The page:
Waterproofing membranes are sold based on the merits of the elongation properties and their ability to bridge cracks.
The current Australian Standards classify membranes into Class I, II and III according to % Elongation:
Class I: 0-59%
Class II: 60-299%
Class III: 300% and above
Note: The % E is measured without any re-enforcing mat – which when added, will reduce the elongation.
REAL WORLD PERFORMANCE
The membrane can have restricted or non-restricted movement depending on its bonding to the substrate. The way the membrane is bonded also affects the extent of the flexibility and elasticity of the product.
If you use a bond breaker over a crack, it is much better if the crack were to open up later on. This is shown in Figure 1 (bond breaker) in comparison with Figure 2 (no bond breaker).
The stress on the membrane in Figure 2 is much more severe and likely to lead to failure. Even a small opening of the crack in the underlying concrete substrate will require extensive elongation.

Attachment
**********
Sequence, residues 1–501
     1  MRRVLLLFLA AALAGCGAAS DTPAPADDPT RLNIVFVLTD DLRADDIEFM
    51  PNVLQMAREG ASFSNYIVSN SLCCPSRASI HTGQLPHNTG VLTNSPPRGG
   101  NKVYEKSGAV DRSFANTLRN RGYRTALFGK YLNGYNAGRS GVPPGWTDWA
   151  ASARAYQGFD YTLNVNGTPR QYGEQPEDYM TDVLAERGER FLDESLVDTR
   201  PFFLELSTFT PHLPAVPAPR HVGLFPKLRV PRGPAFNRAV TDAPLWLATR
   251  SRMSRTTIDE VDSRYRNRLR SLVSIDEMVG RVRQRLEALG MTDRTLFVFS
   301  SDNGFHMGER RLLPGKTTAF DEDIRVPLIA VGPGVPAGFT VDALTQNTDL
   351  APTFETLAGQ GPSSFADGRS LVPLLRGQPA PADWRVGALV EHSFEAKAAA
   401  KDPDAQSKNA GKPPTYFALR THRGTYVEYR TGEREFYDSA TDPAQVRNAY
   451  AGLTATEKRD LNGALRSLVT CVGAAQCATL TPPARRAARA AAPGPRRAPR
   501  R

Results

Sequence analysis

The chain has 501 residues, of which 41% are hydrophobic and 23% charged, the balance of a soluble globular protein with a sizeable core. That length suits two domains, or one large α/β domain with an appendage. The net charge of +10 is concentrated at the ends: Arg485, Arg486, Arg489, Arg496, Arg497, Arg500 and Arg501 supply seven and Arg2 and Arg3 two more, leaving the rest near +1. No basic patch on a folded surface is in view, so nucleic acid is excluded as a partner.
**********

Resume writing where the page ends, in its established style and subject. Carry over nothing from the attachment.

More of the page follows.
Cracks formed after the application of the membrane have no membrane distance so they are like Figure 2. When this occurs, the membrane will extend but the result will be serious necking of the membrane across the newly formed gap and may lead to the membrane tearing when subject to small movements.
It is important to note that the membrane can only stretch to a limited length before its waterproofing properties fail, regardless of its elongation capability.
The elongation properties of a waterproofing membrane are best preserved in situations where the membrane is not directly bonded over the crack due to a bond breaker being in place.
When cracking occurs after a membrane has been installed, then membrane failure is inevitable regardless of its elastic properties.